How to cook ribs in the oven

How To Cook Ribs In The Oven from #paleo #ribs #grilling

Like so many lessons from the kitchen, I learned how to cook ribs in the oven by complete accident. Some time back in July, we had planned a big ol’ grillout one weekend. And, just like every other time that we’d planned to grill, it had started to rain. Not that drizzle type rain you can ignore, but the kind of rain that will simultaneously put out the fire and everyone’s enthusiasm. In fact, it actually swept away part of my driveway, which still has the potholes in it to prove just how miserable the weather really was! But since we already had everything we needed for a BBQ except, well, the BBQ, I was determined not to give up on my rib-tastic menu. So I did the only thing I could think of: threw the ribs in the oven!

How To Cook Ribs... In Your Oven! No grill or outdoor equipment needed! #paleo #ribs #grilling #bbq

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Actually those ribs turned out pretty good, but they weren’t as good as they could be. Not quite tender enough and a pretty unglamorous shade of gray. I’d averted a crisis – and hidden the color under BBQ sauce! – but I was determined to make these ribs better. Because why should we only be able to eat ribs in the summer? And what about those of us who don’t have the luxury of a grill or grilling space? Apartment dwellers need ribs, too! So I set off on my rib-makin’ mission! Come with me and learn how to make ribs in the oven… so you can have ribs, wherever you are!

How to prepare your ribs

First you’ll need to bring them to room temperature or close enough, by taking them out of the refrigerator at least 30 minutes before you’re planning to cook. Then you need to preheat the oven to 225F while you prepare the ribs. You need to remove the white membrane on the back of the ribs as it will get kind of tough and chewy if you leave it on. This is really easy to do!

how to cook ribs in the oven

See that white layer on the back of the bones? That’s what we need to remove. Lay the ribs out on a large piece of aluminum foil.To get rid of the membrane, use a sharp knife and run it along a bone until you have made a little cut into the membrane. Then slide your knife into that hole, between the meat and the membrane, to widen it up. Then you need to slide your finger under the membrane and push up against it firmly. It will start to pull away from the meat. Keep widening that hole and pushing against the membrane until you are able to grab hold of it in your hand. It’s much, much easier to grip if you use a paper towel! Then just pull the membrane up and away from the meat and it should come right off! Discard that and flip the ribs over so they are meat side up.

how to cook ribs in the oven

Pat the ribs dry and season with your favorite dry rub. My ribs are a little green because I like to use a mixture of dried sage, mustard and a little salt and pepper. Next, cut the rack of ribs into three evenly sized sections and arrange them in the middle of the foil. Fold three of the foil sides up over the ribs so that you have made a little pocket – pour some apple juice or stock into this and then seal it by folding over the fourth and last side of the foil. Now tightly wrap the whole thing in another layer of foil and place it on a baking tray: your ribs are ready for the oven!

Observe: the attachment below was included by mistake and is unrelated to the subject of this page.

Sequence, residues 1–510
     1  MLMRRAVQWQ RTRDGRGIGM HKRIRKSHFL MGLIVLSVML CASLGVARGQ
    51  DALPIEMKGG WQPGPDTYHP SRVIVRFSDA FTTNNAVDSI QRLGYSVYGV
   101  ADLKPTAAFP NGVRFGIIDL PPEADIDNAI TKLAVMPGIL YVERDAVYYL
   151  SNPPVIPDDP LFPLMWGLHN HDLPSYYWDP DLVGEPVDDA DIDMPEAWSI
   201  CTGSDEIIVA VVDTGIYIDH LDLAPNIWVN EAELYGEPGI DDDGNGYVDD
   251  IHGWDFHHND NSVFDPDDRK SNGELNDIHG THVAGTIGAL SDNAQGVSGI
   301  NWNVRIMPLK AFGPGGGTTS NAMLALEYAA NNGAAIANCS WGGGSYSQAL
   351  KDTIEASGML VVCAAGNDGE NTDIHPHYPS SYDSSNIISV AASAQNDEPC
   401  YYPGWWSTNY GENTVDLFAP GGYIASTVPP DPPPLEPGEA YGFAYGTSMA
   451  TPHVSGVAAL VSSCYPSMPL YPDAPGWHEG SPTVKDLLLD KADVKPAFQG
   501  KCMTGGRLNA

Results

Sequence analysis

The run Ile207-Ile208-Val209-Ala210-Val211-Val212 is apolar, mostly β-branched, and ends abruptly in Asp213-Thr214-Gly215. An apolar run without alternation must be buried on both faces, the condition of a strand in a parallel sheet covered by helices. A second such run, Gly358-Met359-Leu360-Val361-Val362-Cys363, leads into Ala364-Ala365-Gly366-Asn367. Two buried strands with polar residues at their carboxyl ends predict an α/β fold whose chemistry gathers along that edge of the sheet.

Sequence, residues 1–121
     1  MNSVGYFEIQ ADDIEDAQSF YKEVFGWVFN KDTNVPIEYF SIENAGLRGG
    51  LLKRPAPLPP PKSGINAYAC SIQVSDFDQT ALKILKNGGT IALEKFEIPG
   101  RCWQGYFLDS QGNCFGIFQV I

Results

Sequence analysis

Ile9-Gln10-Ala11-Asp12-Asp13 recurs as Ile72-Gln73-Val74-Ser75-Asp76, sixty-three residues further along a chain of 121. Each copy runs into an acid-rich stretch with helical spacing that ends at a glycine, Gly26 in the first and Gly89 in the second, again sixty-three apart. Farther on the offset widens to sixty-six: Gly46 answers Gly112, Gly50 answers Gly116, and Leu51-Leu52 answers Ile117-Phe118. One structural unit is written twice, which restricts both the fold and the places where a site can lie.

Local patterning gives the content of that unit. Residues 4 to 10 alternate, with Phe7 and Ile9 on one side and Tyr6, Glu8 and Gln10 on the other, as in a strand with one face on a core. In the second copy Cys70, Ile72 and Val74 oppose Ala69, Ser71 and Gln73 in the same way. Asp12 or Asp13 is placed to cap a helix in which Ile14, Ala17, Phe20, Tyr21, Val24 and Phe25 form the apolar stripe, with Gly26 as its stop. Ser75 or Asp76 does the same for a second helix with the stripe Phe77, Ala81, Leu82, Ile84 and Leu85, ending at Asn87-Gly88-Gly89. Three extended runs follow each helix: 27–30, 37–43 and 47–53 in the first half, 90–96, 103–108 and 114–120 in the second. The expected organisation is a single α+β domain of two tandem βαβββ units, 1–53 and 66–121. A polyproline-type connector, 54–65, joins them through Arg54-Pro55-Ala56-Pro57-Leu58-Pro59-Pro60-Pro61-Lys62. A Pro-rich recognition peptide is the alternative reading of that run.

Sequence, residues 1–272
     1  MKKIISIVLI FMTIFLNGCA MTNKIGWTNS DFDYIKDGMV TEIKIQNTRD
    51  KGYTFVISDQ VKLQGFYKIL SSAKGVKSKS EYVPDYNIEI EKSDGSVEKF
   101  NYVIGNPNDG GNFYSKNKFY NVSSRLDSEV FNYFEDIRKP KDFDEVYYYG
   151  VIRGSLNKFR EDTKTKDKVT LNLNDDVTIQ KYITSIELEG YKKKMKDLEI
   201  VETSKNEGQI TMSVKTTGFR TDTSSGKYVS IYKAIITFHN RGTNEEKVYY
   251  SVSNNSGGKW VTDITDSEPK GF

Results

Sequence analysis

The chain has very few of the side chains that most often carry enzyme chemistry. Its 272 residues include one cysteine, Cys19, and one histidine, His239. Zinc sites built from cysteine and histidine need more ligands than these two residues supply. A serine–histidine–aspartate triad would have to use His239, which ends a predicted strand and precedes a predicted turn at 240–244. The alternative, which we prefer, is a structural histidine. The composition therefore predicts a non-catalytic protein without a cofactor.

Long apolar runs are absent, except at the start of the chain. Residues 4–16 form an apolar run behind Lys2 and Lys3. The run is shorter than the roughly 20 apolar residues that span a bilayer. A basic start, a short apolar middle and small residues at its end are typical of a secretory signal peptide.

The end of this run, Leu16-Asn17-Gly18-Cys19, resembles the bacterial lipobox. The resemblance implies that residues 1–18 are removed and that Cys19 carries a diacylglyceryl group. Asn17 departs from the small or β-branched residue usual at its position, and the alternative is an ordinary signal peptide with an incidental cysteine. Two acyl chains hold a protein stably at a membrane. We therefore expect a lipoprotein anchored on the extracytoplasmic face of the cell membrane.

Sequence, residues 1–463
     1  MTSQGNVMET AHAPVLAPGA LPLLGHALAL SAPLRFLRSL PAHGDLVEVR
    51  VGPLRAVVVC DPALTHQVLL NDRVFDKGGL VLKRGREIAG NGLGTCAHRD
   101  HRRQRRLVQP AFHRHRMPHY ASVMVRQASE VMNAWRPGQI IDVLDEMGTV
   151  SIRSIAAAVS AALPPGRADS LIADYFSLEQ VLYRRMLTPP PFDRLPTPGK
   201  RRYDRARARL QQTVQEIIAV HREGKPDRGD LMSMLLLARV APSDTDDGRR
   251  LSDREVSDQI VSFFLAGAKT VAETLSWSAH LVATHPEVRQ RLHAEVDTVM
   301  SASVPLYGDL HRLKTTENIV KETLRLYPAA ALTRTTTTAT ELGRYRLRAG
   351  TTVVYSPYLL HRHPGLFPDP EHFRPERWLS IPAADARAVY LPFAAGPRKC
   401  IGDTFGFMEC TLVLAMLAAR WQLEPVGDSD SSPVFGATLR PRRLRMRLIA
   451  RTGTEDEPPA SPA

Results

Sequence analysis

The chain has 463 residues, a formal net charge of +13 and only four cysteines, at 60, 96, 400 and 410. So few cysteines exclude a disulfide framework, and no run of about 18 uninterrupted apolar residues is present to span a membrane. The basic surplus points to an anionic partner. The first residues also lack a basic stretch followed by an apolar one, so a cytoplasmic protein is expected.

How to cook ribs in the oven

This is even easier! We’re going to slow cook them until they are super tender, all wrapped up. When the ribs are fork tender, all you need to do is remove them from the foil (save those juices for stock or soup later!) and put them on a baking tray. If your ribs are about 3 lbs, they’ll take about 3 hours 15 minutes and a 4 lb rack will take closer to 4 1/2 hours. Roughly speaking, they need to have at least 1 hour in the oven per pound, with about 15 – 30 minutes extra to make sure they’re super tender.

Then preheat the broiler on your oven while you use a BBQ mop to baste the ribs in whatever sauce you like. I usually make my own, but since I don’t have access to a Whole Foods or similar for brands like Tessemae’s, the best BBQ sauce I have found that is ready made is this one. It’s gluten free, non GMO and doesn’t contain either canola oil or high fructose corn syrup. Quite a few grocery stores seem to stock it and it’s available on Amazon.

Once your ribs are basted up and your broiler is hot, get them under the broiler. You want to broil them until the BBQ sauce begins to bubble, brown & caramelize, but not for so long that it starts to blacken or burn. The more sugar there is in your BBQ sauce, the quicker that burning can happen, so don’t leave the ribs unattended! Once they’re broiled to perfection, tuck in!

A few quick notes:

  • I cut the ribs into thirds just because that makes them easier to handle later on when I’m basting and broiling. When they are laid out on the first layer of foil, just arrange them like they were a normal rack, in one layer, NOT like the picture of the final finished ribs which are stacked on top of each other.
  • Lay the ribs out on the foil meat side up. This means that only the bone ends of the ribs are in the apple juice. We’re basically steaming the ribs, we don’t want them actually submerged in liquid while they’re cooking.